Complaint Against Christopher J. Castagno

Former Trustee of the New Castle Common

This complaint is presented in three sections below.  Part I summarizes the key facts regarding Christopher Castagno’s conflict of interest. Part II documents that the Trustees of The New Castle Common qualify as a “State Agency” and Mr. Castagno was an “Honorary State Official” under the State Code of Conduct.  Part III specifies the “Violations of Delaware Law” as presented in the statute.

I. Complaint Summary
Christopher Castagno was a Trustee of the New Castle Common first elected in June 2006 and reelected in June 2018 for a second 12 year term.  He resigned on September 1, 2021, for unstated reasons.  Exhibit A of this complaint presents a screenshot of a Trust Property listed on the website of Mr. Castagno’s real estate business at a price of $4,100,000.  The property can be identified as a Trust property by both parcel number and street address as presented in Exhibit A.

The Trust owns the land while the building is owned by the Charter School of New Castle–formerly the Family Foundation.  On his website, Mr. Castagno describes the package as “Multipurpose 40kSF building for SALE with long term land leasehold”.  The lease extends till 2045 at an annual cost of $44,000 representing an aggregate cost of more than $1 million.​

This property was listed on Mr. Castagno’s website while he served as a Trustee and following his resignation.  Exhibit A documents that Mr. Castagno was serving as a real estate agent for Trust property as both a Trustee and as a former Trustee.

II.  Applicability of the State Code of Conduct
As a Trustee of the New Castle Common, Christopher Castagno was an “Honorary State Official” as defined by Chapter 58, Subchapter I known as the State Employees, Officers’ and Officials’ Code of Conduct: 

(6) “Honorary state official” means a person who serves as an appointed member, trustee, director or the like of any state agency and who receives or reasonably expects to receive not more than $5,000 in compensation for such service in a calendar year (not including any reimbursement for expenses).

The above Code of Conduct, defines a “State Agency” as follows:

(11) “State agency” means any office, department, board, commission, committee, court, school district, board of education and all public bodies existing by virtue of an act of the General Assembly or of the Constitution of the State, excepting only political subdivisions of the State…”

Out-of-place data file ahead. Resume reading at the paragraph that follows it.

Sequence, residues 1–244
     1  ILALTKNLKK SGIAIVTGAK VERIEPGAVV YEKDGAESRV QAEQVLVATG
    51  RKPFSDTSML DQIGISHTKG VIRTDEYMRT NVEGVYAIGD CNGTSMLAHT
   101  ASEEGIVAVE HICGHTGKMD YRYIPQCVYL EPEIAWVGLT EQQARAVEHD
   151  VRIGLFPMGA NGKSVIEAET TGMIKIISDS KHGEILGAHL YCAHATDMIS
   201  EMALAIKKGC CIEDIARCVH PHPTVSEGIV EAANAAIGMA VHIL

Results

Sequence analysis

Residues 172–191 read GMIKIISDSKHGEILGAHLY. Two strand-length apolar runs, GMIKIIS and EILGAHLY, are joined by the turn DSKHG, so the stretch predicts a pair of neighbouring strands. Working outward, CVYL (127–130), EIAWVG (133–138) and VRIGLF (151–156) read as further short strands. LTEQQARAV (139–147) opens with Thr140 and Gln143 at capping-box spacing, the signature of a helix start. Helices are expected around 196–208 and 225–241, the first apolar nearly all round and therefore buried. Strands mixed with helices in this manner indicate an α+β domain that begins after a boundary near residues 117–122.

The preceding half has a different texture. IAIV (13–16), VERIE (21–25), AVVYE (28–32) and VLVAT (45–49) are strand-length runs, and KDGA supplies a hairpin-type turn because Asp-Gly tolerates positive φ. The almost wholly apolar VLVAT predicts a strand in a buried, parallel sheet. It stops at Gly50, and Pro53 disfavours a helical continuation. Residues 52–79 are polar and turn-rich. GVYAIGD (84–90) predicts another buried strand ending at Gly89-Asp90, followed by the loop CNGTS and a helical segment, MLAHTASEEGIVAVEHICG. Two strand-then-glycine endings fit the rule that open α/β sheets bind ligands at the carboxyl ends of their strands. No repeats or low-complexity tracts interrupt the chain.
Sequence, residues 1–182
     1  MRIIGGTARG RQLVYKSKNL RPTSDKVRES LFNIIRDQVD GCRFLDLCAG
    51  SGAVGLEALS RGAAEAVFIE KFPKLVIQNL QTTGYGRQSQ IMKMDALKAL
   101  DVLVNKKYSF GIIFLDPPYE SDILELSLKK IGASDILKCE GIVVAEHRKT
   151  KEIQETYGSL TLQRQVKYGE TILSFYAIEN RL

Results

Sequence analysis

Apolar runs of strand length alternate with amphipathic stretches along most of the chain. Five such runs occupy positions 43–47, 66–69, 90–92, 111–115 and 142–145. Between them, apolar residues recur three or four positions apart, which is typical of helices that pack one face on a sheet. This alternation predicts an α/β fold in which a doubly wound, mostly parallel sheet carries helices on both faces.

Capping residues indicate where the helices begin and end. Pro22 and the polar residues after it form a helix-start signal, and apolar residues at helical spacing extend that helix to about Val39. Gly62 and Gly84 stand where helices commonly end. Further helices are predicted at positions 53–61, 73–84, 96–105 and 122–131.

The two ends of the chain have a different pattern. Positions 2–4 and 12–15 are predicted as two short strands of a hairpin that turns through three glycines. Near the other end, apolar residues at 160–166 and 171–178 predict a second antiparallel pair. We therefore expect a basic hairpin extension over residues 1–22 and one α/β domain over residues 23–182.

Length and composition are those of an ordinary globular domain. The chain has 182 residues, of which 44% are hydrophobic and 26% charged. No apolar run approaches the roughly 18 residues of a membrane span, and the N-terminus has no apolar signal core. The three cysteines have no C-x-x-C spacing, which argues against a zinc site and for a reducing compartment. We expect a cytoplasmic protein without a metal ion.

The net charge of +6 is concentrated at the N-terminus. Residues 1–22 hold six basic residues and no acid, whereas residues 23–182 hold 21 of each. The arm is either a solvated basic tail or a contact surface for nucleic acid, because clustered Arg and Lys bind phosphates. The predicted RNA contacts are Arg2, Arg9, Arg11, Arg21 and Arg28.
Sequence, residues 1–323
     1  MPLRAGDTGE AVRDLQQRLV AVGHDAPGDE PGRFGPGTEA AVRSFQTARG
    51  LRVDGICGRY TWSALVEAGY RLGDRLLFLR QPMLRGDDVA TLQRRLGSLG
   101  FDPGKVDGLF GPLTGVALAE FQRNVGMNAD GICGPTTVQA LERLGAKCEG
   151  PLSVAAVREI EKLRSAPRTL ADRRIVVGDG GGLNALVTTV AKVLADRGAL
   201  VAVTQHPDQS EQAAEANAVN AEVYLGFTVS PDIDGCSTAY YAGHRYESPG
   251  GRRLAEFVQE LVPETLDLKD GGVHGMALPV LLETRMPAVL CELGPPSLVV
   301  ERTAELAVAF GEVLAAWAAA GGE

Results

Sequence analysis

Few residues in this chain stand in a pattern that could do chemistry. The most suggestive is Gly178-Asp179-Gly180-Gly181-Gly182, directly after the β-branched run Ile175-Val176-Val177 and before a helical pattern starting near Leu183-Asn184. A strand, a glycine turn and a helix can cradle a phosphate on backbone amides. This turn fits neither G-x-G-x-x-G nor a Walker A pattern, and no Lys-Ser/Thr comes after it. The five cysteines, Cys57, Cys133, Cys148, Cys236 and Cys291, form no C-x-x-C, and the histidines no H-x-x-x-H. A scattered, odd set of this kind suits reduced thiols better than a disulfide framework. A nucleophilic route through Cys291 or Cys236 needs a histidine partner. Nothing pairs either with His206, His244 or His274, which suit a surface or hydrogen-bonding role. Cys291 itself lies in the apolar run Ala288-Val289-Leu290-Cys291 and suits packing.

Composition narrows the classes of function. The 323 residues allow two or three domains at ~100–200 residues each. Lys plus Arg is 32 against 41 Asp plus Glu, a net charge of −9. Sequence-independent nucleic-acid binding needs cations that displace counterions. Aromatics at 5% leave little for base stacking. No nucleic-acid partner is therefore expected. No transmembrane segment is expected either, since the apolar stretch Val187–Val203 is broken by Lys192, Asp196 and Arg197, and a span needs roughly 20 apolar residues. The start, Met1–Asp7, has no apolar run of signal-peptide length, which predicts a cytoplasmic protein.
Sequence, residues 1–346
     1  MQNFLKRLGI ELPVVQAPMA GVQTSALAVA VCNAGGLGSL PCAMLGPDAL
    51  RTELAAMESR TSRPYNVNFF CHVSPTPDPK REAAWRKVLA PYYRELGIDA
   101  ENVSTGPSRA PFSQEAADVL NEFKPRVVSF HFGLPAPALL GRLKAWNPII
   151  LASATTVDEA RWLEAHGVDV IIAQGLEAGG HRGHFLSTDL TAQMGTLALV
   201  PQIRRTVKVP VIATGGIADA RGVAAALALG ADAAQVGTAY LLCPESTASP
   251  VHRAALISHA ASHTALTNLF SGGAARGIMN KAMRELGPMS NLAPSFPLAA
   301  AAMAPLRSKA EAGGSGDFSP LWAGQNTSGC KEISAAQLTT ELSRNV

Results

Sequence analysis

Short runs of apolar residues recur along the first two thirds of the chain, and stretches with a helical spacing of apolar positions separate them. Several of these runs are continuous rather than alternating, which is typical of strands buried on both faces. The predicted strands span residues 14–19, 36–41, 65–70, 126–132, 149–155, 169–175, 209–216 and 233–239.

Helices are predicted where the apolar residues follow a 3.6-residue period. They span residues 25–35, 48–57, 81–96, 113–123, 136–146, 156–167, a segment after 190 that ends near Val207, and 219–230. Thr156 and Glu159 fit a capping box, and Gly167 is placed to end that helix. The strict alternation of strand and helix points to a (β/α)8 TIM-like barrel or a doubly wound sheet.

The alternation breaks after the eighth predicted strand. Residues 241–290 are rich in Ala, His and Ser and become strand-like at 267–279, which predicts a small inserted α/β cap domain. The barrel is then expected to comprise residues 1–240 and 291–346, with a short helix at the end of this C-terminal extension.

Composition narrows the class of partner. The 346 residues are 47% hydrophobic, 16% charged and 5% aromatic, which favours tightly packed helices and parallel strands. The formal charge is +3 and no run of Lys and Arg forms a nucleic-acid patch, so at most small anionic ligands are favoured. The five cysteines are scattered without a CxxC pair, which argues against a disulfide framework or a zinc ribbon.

The Trustees of The New Castle Common is a non-profit organization created in 1764. Its purpose is to preserve and protect the historic Common lands for the use and benefit of the inhabitants of the town of New Castle. The Trust has financial assets of roughly $7,000,000 and owns about 80 parcels of land comprising roughly 600 acres. 

Here’s a link to a 2017 Attorney General’s opinion which found that the Trust was a “public body”.  At the top of page 4 the opinion states: “The Trustees is a corporation that was created by the General Assembly of Delaware in 1792 to take over 1,000 acres of land owned by William Penn…”  Mr. Castagno was uncompensated when he served as a Trustee and was therefore under the compensation limit for an “Honorary state official.

III. Violations of Delaware Law
Below are selected portions of the Code of Conduct statute which define conflicts of interest by an “honorary state official”.  A violation is defined as any action which would result in a “financial benefit…to
accrue to the person…”  The ability to earn real estate commissions on multi-million-dollar properties represents a substantial financial benefit.

As a Trustee, Mr. Castagno was involved in deciding which Trust properties should be sold or leased as well as sale prices and leasing rates.  As a real estate agent for Trust property, he could benefit directly from these decisions.